An argument has been made, most recently and notably by Christopher Hitchens, that women are inherently not funny. It’s not true, of course, but, still, there’s a long history—from Phyllis Diller and her fright wigs to Tina Fey and her layered thrift-store ensembles—of funny women playing down their femininity to best get laughs. Read More
“What are the odds?”
It’s a question that is repeated throughout Sons of the Prophet, a marvelous and moving new play by Stephen Karam that opened Thursday at the Roundabout Theatre Company’s Laura Pels Theatre.
The question is asked about the various misfortunes that befall the Douaihy family—pronounced du-WHY-hee—of depressed eastern Pennsylvania, the children of Maronite Catholic immigrants from Lebanon. One son, Joseph, a 29-year-old erstwhile track star, is suffering from mysterious illnesses that may or may not be symptoms of M.S.; his younger brother, Charles, still in high school, was born with one ear; their mother died when they were young and their father dies early in the play of a heart attack after a high-school prank gone awry. “The Douaihys have a habit of dying tragically,” Joseph says at one point. “We’re like the Kennedys without the sex appeal.” Also, both brothers are gay, which is not technically a misfortune but can elicit a similar reaction. Read More
At least twice during his new show, the virtuoso monologist Mike Daisey refers to himself as an actor. Twice more, he calls himself a storyteller. He is of course both things, but the descriptors miss the true impact of what he has accomplished in his powerful piece, The Agony and the Ecstasy of Steve Jobs, which opened Monday night at the Public Theater.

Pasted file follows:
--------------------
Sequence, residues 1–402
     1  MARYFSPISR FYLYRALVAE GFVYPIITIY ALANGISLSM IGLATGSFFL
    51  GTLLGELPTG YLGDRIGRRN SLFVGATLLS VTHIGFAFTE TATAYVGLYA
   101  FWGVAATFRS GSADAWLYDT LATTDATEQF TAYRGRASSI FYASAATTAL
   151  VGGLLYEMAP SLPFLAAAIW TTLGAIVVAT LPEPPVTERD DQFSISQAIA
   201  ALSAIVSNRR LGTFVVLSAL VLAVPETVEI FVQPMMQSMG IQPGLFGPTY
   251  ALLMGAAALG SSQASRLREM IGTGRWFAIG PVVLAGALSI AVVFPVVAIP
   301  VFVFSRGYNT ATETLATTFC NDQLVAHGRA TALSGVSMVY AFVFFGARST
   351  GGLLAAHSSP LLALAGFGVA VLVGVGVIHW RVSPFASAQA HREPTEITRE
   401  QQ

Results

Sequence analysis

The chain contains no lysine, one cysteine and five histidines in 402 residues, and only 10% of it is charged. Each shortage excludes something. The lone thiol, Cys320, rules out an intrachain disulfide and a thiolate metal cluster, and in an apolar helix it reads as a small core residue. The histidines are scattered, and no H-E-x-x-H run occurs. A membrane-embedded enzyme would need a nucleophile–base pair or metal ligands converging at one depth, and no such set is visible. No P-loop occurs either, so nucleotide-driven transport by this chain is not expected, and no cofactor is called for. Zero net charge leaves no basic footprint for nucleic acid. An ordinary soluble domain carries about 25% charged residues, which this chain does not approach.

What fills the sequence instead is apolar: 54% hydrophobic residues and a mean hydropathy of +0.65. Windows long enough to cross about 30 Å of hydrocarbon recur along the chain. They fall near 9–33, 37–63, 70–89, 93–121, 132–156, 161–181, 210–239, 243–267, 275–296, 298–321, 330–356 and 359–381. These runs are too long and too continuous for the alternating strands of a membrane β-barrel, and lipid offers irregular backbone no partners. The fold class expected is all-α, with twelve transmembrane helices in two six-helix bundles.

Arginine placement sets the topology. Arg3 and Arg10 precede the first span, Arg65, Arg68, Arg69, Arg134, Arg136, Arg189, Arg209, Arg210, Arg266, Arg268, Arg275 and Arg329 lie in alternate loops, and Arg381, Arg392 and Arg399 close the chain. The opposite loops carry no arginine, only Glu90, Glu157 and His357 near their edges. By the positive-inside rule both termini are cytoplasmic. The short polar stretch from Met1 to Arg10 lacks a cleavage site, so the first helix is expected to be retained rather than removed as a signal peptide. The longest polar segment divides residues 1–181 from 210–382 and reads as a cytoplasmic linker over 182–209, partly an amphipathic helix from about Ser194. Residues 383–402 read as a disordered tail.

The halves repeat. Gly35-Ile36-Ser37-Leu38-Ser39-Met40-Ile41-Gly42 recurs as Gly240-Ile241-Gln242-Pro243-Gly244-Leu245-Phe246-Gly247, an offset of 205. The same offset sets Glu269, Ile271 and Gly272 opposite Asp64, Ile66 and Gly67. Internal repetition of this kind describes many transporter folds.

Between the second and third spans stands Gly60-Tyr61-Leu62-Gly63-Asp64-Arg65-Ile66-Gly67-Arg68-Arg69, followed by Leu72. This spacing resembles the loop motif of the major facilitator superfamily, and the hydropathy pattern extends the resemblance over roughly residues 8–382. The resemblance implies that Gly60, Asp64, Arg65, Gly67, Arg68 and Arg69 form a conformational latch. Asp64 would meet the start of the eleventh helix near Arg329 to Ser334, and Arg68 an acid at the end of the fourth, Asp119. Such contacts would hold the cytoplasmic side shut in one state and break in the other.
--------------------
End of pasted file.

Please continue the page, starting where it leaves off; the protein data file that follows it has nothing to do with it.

As much as he is a performer, Mr. Daisey is also an investigative journalist, even, in the best sense, a muckraker. In his forthright examination of Mr. Jobs, of the various i-devices Jobs created, and of the Chinese sweatshops where those devices are manufactured, Mr. Daisey opens an Upton Sinclair-like window into the horrors and human cost of producing the shiny electronic gizmos resting silently, and increasingly uncomfortably, in our pockets. Read More
In the mind’s eye, Linda Lavin is perpetually in that moment just after she has delivered a clever and cutting aperçu. She’s driving it home by raising an expensively shaped eyebrow, perhaps cocking her head, perhaps adjusting a ring, and usually jutting her tongue into her left cheek. Ms. Lavin, a star three decades ago as a blue-collar diner waitress, has become the onstage apotheosis of the well-to-do Jewish matron, her perfect I’m-not-saying-I’m-just-saying look putting a muscle-memory shiver of she’s-onto-me recognition into Jewish sons and daughters watching her across the footlights.
In Nicky Silver’s stingingly dark new comedy, The Lyons, which opened at the Vineyard Theatre last night, Ms. Lavin’s yiddishe kop runneth over. Read More
“Jesus was at best a Nazarene folk singer with high metabolism, a velveteen D.J. voice, and pleasant, dilated pupils,” says Sandra Cabot, a Wasp matron in Connecticut, holding a tumbler of single malt as she looks over her elegant dining room before a dinner party. “Don’t get me started on Jesus.” Read More